Spinal discs are an integral part of the spine, acting as shock absorbers for the impacts of daily life. They take approximately 80% of the force exerted on your spine by compressing under stress and spreading the force into the surrounding vertebra. They are primarily made of 2 main parts; the nucleus pulposis and the annulus fibrosis. The nucleus pulposis is a water-based structure which acts as a compressive cushion for your spine, similar to a waterbed. Since water cannot be compressed very much when in a container, it pushes back against the force being applied which decreases the weight being held by the rest of the spine. The annulus fibrosis on the other hand acts as the container for the water cushion of the nucleus. It is made up of crossing fibres of thick collagen which can twist and conform to forces from all angles very effectively. This stops the fluid centre from slipping around like a water balloon when you squish it. These two parts make up the disc and help to keep the pressure off the less sturdy spinal joints, which are made to allow motion and as such sacrifice their strength.
Increasing forces on these discs, either by adding more weight, bending forwards or by shifting the body’s centre of mass can cause pressure to be put onto areas which are less suited to handling these forces. Bending and twisting forces strain the annular fibres surrounding the disc and can cause repeated weakening of these fibres. As such, with enough weakening, small gaps and tears can allow the nucleus to move within the disc and can cause the weight to distribute a lot less evenly in the joints. This can cause the bone-based joints at the back of the vertebra and the vertebra above and below the disc to take more pressure and start to wear down and degenerate.
Degeneration usually occurs in two scenarios; an abnormal joint under normal loads, or a normal joint under abnormal load. Spinal degeneration in a normal spine is most prevalent with the second option. Daily stresses, lifting incorrectly and staying in incorrect postures can all cause abnormal load in the spine and as such, increase the degenerative process. Degeneration of the discs can decrease their capability of holding normal weights and can also cause the fluid-based nucleus to push on different parts of the disc more. This pressure can compress nerves which exit the spine between each joint and can cause numbness, tingling, pain and a decrease in control of the areas that nerve controls. And it doesn’t take much, even the pressure of a 10c piece on a nerve can cause symptoms to arise. Sciatica is a common issue which can arise from pressure on spinal nerves in the lower back and can range from moderate to severe in pain and disability.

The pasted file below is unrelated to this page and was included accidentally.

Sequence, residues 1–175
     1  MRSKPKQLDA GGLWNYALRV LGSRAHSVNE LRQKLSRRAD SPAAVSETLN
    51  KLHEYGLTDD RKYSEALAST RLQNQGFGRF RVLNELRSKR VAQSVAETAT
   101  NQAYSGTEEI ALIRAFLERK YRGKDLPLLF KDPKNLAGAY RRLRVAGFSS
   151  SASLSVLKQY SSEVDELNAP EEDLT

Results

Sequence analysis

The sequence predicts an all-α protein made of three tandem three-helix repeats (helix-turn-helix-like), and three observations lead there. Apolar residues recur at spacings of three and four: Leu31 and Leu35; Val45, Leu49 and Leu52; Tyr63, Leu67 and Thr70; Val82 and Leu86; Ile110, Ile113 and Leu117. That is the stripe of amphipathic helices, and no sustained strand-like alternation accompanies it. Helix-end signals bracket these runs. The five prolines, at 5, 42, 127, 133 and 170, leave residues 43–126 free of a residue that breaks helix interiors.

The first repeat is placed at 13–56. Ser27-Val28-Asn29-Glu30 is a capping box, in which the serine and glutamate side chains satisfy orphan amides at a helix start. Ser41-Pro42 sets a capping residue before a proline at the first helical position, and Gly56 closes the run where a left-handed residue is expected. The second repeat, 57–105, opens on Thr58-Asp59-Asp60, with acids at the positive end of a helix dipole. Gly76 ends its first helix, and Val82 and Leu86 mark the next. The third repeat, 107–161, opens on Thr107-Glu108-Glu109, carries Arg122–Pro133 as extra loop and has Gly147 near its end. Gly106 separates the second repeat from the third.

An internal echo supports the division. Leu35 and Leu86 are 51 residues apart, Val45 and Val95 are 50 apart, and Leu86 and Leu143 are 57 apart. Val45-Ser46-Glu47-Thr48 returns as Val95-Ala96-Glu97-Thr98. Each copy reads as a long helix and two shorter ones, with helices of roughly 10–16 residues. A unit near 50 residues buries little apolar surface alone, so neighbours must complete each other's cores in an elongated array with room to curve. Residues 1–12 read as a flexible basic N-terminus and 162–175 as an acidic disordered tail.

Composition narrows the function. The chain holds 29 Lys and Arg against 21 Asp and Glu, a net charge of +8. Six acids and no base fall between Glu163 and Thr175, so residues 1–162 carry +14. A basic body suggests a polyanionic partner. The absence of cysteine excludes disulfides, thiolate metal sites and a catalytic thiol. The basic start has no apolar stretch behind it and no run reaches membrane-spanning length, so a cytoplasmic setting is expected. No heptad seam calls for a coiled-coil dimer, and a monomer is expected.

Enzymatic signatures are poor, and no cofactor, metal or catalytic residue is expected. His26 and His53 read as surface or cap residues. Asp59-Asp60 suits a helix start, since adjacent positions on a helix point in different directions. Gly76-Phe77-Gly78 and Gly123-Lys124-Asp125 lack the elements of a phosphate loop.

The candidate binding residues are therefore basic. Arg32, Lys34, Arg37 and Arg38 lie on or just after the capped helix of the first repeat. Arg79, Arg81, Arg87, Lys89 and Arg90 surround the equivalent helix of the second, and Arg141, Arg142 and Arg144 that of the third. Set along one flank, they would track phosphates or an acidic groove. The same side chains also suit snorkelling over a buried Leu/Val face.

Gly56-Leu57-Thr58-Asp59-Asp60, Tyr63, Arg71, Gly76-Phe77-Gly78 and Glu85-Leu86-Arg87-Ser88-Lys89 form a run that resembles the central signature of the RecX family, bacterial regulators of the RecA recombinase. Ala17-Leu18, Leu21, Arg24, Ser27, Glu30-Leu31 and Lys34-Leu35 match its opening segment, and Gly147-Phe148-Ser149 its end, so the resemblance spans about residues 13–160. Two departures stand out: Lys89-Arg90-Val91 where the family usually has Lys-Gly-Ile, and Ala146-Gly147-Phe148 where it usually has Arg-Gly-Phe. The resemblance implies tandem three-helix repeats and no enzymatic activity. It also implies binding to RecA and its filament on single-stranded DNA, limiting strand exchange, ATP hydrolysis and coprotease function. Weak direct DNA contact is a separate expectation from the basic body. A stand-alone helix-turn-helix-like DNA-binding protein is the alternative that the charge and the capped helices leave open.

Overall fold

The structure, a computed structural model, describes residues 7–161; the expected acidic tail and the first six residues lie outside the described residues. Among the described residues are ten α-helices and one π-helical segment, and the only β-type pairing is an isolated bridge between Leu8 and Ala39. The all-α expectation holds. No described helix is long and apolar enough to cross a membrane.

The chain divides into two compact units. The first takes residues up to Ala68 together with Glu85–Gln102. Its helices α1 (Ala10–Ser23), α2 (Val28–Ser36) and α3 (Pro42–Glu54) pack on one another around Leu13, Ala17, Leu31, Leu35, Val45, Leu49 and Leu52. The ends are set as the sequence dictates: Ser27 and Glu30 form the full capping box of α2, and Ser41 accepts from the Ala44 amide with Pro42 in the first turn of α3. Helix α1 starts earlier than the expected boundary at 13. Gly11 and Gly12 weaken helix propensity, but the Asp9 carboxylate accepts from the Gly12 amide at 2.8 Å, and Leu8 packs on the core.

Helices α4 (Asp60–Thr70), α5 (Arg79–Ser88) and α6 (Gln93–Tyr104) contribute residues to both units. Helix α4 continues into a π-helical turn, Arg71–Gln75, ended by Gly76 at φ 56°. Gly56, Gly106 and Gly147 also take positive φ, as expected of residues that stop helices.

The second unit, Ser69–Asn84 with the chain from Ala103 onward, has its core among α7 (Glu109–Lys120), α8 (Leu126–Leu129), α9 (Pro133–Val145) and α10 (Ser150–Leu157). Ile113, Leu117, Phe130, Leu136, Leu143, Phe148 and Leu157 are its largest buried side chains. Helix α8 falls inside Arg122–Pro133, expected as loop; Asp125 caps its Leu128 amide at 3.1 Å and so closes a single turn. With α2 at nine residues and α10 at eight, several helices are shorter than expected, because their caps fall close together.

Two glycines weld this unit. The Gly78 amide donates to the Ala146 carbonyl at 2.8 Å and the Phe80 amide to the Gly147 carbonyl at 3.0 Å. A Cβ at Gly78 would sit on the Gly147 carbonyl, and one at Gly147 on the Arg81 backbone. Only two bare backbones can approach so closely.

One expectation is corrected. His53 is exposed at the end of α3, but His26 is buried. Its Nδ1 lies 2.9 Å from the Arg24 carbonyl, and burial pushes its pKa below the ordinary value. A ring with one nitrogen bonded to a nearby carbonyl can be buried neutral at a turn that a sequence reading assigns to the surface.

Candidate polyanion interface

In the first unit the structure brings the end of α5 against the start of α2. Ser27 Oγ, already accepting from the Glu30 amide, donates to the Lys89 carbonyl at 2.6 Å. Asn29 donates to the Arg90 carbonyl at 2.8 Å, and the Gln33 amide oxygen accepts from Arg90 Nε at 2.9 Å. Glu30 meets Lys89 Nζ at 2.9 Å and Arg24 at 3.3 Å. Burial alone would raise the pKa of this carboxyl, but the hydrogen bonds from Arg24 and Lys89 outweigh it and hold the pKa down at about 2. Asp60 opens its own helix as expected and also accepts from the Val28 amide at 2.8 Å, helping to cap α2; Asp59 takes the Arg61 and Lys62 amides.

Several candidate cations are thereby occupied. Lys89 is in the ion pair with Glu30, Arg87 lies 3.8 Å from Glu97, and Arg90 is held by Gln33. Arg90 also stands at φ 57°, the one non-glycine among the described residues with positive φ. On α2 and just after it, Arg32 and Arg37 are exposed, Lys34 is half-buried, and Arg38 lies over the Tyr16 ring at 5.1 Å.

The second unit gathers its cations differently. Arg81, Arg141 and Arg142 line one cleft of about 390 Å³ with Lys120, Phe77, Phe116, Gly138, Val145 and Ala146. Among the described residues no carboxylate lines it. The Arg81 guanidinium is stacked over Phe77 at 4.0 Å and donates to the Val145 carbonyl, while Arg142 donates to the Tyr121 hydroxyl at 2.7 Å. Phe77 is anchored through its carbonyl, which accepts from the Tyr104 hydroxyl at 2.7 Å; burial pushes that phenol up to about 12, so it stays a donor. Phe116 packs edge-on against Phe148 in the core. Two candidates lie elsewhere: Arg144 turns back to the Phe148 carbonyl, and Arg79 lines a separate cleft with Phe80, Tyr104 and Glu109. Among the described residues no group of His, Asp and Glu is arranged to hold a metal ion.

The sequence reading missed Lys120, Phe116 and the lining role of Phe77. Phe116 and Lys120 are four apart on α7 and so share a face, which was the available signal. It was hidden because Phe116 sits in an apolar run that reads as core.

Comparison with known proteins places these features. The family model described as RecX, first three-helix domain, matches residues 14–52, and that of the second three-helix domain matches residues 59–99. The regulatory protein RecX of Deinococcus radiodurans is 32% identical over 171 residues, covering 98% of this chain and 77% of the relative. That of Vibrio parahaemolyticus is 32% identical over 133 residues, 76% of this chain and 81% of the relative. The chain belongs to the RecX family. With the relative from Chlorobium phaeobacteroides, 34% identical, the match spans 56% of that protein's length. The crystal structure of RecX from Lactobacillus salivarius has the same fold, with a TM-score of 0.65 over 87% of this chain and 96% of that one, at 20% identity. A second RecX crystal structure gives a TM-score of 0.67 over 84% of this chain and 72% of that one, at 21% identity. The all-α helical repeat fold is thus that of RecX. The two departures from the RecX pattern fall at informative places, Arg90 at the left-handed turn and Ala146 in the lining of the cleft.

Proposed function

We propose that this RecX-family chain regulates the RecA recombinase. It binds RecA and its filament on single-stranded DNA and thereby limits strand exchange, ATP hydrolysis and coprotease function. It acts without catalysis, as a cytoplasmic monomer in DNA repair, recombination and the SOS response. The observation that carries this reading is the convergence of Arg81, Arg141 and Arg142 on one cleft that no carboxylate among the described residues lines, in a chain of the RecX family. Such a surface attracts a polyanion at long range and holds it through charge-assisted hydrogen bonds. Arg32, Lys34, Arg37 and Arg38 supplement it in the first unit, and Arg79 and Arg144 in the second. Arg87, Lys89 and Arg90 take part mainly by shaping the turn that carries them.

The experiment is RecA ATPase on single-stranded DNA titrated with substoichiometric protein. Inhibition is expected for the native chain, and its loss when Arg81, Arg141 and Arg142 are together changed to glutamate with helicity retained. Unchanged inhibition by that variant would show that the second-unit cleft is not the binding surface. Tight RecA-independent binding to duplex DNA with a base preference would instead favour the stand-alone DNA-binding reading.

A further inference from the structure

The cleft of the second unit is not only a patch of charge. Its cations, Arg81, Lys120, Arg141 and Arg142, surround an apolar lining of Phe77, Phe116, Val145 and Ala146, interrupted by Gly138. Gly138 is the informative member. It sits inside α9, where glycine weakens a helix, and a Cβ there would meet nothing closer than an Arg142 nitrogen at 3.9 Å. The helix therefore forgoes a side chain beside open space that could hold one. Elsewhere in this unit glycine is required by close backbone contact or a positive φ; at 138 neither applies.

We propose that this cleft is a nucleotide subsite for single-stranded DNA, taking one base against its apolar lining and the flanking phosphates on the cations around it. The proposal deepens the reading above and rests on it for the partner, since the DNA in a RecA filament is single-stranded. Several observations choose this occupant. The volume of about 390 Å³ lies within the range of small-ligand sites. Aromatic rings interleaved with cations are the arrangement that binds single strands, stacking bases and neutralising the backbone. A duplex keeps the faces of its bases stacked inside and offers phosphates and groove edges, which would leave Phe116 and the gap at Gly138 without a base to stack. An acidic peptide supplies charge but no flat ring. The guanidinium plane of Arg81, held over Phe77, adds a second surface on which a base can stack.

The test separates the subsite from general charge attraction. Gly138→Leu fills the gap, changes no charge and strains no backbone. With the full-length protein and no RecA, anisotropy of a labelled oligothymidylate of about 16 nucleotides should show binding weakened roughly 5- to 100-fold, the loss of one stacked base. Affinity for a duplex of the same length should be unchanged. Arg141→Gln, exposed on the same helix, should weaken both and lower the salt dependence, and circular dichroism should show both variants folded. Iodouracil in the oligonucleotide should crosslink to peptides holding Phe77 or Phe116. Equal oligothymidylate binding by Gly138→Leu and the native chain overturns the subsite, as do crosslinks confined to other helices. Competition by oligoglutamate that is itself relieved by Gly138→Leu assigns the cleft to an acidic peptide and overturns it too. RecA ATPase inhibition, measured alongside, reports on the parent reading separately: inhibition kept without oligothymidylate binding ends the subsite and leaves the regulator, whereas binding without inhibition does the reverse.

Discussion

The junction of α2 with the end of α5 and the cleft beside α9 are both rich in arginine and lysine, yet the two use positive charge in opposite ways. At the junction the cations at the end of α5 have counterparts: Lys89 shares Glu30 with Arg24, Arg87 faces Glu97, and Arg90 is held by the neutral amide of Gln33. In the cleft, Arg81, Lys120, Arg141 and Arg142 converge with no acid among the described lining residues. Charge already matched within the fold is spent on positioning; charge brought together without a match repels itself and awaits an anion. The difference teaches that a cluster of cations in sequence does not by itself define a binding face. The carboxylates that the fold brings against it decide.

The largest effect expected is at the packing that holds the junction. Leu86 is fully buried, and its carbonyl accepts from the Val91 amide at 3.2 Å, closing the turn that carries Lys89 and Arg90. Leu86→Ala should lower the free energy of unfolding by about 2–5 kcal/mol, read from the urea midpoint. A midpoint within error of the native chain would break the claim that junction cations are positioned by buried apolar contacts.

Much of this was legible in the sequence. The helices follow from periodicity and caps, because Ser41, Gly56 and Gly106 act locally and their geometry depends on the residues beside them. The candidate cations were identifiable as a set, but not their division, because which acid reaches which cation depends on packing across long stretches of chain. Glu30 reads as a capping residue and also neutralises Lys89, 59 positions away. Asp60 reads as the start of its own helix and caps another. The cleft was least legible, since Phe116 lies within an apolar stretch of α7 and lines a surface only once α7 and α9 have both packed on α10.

Degeneration is extremely difficult to decrease once it has happened because the disc and cartilage of joints have very little regeneration potential, so once it is gone, it is hard to improve. It then makes sense that reducing stresses on the spine reduces the potential for degeneration, which is where chiropractic care can help. Chiropractors examine the spine to check for any areas which may be under abnormal stresses and use a variety of techniques to help bring the body back to its most stable and natural state of weight bearing, thus reducing the potential for degeneration to occur. If you have any low back pain which travels down the legs, it may be a disc compressing a nerve in the low back. At Anderson Family Chiropractic Mackay, our chiropractors assess your spine to aid in decreasing these abnormal stresses may help decrease the risk of degeneration for the future.
Newell, N., Little, J., Christou, A., Adams, M., Adam, C. and Masouros, S. (2017). Biomechanics of the human intervertebral disc: A review of testing techniques and results. Journal of the Mechanical Behavior of Biomedical Materials, [online] 69, pp.420-434. Available at: https://www.sciencedirect.com/science/article/pii/S1751616117300449 [Accessed 8 Feb. 2020].